King Lear Characters

King Lear Characters
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‘King Lear’ is one of the most critically acclaimed Shakespearean masterworks known to the literary world. Different events in this play introduce the audience to a rich and penetrating portrayal of the human tragedy at its worst. King Lear is the title character of this tragedy which very, unfortunately, loses his mind near the end after left with nothing. He has three daughters two of which commit fallacious appeals to flattery and get their father to leave all his fortune to them. But the youngest daughter who is the wisest is bestowed nothing because she does not make evil attempts to flatter her father whom she loves beyond such shallow ideas. King Lear is often appreciated for conveying this powerful message that answers to many momentous questions of life are entrenched in ordinary experiences. The purpose of this essay is to explore this popular assumption by scrutinizing some important events in the tragedy to analyze the extent to which this idea could be considered true.

Cordelia is the name of King Lear’s daughter who actually loves him the most and believes that true love should not be tarnished by letting it get close to dark elements like lies, manipulation, or deception. The other two daughters, in stark contrast, have all their attention devoted to their father’s abundant wealth. The enormous mistake committed by King Lear at the start of the tragedy is that despite being a man of high social standing and many talents, he still miserably fails at realizing that the most honest answer to the questions asked by him was actually embedded in an ordinary expression of love. He instead is charmed by the bundle of lies offered by his materialistic daughters to him and cunningly packaged in many enticing colors. He finds flattery irresistible and takes this mighty fallacy as the most attractive and justified answer in response to the question that by whom of all three children is he loved the most. Shakespeare digs with acute intelligence into the superficial nature of the fallacy of playing to the gallery in King Lear to make this claim emphatic that people often have to suffer horrifically in life due to not being careful enough sometimes to acknowledge the truth that is right in front of them. The tendency of continuing the search for myriad fundamentally important answers when they are actually a part of everyday experiences can be considered ubiquitous given its frequency and preponderance. But, it is important for a person to be a shrewd observant in order to dissect mundane experiences to discover momentous truths. Actually were he not already blinded by flattery, King Lear would not have even felt the need to pose a self-indulgent question in the beginning. This is because the real answer he looked for waited right in front of him in Cordelia’s eyes, but his inability to judge the real meaning of her honest response leads him to his tragic demise.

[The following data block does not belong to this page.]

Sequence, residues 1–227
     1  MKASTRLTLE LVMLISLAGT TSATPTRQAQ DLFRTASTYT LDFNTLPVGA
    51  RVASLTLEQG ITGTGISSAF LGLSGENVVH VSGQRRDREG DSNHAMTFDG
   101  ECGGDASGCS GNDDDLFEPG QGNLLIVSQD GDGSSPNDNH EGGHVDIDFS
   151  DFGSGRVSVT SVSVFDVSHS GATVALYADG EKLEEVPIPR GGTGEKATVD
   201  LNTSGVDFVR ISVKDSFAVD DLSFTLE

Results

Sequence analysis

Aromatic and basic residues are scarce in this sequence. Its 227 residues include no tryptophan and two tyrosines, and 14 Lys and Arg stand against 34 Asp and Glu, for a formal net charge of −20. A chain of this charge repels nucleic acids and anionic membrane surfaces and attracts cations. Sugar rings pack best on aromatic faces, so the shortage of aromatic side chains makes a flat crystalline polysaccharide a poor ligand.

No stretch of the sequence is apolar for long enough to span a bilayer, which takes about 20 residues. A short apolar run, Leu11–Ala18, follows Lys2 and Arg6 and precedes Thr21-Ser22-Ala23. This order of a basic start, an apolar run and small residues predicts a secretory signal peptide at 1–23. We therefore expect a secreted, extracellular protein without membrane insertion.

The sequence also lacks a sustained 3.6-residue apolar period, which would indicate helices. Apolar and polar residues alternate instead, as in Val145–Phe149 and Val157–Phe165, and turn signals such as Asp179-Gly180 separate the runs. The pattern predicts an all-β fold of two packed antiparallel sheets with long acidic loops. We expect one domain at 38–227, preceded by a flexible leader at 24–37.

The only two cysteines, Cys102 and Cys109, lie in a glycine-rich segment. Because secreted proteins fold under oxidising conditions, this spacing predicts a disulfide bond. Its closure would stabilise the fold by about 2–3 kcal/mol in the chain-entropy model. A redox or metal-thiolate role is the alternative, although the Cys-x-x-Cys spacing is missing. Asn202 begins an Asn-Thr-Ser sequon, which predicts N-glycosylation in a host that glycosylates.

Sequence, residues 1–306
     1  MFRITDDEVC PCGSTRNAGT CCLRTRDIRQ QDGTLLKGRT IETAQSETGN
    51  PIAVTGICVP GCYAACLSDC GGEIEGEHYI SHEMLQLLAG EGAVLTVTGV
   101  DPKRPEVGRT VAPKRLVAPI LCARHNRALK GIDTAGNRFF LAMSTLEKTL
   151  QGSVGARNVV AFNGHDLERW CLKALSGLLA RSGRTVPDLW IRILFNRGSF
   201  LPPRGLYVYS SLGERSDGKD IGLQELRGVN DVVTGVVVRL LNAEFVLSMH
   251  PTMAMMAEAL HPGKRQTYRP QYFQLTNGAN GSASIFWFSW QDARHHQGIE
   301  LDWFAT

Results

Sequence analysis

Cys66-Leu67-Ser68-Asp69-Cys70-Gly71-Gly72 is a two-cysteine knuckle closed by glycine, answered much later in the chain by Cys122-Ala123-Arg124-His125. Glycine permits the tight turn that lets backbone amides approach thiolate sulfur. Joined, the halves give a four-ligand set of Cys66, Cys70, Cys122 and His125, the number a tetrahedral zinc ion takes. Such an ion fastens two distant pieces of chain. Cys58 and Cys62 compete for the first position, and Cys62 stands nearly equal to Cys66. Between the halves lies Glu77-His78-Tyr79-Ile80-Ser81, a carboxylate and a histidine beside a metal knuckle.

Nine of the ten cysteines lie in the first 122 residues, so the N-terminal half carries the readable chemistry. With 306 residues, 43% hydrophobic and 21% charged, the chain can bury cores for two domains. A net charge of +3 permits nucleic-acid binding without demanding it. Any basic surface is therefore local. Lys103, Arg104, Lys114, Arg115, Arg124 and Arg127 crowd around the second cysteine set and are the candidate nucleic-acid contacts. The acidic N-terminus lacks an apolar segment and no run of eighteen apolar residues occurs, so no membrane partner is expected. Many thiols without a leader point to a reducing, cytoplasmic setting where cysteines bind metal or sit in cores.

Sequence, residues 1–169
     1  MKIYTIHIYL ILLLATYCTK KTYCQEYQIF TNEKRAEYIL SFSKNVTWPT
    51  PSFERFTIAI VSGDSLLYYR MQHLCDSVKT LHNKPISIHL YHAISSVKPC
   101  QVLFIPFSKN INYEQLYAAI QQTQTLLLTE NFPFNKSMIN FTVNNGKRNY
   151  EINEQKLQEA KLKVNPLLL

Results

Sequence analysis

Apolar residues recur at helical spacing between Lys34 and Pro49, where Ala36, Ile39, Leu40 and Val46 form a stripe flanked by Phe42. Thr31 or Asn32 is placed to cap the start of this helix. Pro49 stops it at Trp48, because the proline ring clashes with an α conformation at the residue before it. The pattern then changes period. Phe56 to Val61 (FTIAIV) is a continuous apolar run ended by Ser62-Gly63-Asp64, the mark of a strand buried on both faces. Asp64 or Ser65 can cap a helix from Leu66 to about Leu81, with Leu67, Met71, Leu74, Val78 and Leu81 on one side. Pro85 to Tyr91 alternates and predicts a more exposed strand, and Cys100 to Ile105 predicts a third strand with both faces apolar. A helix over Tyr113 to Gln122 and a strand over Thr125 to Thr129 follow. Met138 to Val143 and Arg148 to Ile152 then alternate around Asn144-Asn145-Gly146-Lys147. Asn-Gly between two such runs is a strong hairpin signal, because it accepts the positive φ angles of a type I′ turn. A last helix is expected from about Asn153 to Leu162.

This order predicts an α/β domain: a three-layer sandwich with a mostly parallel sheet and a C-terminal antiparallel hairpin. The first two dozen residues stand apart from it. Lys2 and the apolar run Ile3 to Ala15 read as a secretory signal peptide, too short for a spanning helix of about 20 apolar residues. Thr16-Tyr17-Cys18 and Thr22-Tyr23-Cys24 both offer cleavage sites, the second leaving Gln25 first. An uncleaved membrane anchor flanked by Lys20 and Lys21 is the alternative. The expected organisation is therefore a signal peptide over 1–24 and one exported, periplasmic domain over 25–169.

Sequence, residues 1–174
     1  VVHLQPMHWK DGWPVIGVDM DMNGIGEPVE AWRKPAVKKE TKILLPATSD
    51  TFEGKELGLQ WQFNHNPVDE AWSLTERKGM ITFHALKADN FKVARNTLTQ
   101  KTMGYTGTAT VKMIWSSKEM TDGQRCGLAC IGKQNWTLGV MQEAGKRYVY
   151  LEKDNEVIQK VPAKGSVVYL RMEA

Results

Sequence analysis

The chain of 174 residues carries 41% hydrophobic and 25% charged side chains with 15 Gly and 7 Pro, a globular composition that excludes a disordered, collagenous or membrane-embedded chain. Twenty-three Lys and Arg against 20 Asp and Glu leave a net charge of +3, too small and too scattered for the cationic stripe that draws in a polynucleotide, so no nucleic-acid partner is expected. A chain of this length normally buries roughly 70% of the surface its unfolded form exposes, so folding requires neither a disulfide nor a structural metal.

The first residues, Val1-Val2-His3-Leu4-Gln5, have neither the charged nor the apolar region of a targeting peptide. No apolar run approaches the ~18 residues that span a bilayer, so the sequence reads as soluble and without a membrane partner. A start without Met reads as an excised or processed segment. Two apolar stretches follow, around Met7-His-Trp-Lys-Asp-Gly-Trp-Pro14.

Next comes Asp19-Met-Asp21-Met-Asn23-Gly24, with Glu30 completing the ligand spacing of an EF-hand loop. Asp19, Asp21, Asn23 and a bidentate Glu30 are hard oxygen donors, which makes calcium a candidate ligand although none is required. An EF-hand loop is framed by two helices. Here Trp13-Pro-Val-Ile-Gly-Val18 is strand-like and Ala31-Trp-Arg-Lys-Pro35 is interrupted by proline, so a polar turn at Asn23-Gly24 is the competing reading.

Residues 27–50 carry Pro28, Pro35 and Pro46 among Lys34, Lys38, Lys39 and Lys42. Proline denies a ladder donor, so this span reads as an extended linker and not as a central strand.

It is important to be able to observe the world very shrewdly to find real answers at the right time. But, King Lear sadly fails at execution of this talent and gets himself literally entrapped by tough challenges. He does not actually have an as fierce desire for basic human realities as for sugar-coated praise and favors the latter over realities that contain real human feelings. He is played by his manipulative daughters who effortlessly manipulate his emotions and thoughts hiding their evil innate dispositions and presenting greed as love. He succumbs into believing that the false arguments of his greedy daughters do in fact make for valid evidence and stubbornly ignores actual evidence which unfortunately for both him and Cordelia is left open and not wrapped in vibrant colors like the dark lies told by others are. Even Kent, who plays advisor to King Lear, is better than his master at identifying answers to many important questions in rather mundane settings which do not necessarily have to be larger-than-life to possess real truth. He also attempts to make King Lear realize that he is not getting his facts straight only to be thrown out of the state like Cordelia because it seems like in place of loyalty and truth, flattery and deception are more powerful in the king’s court.

In conclusion, the above discussion of King Lear’s character in reference to how he is deceived by his cunning daughters whom he lets stay in power proves how important it is to keep finding realities in simple expressions of life. King Lear unjustifiably subjects those who love him the most to exile and makes those who should be punished for their deceit rulers. He prefers to find his answers in his enemies’ attractively posed but empty arguments. This failure to detect truthful answers in simple expressions of life subjects him to a painfully tragic end.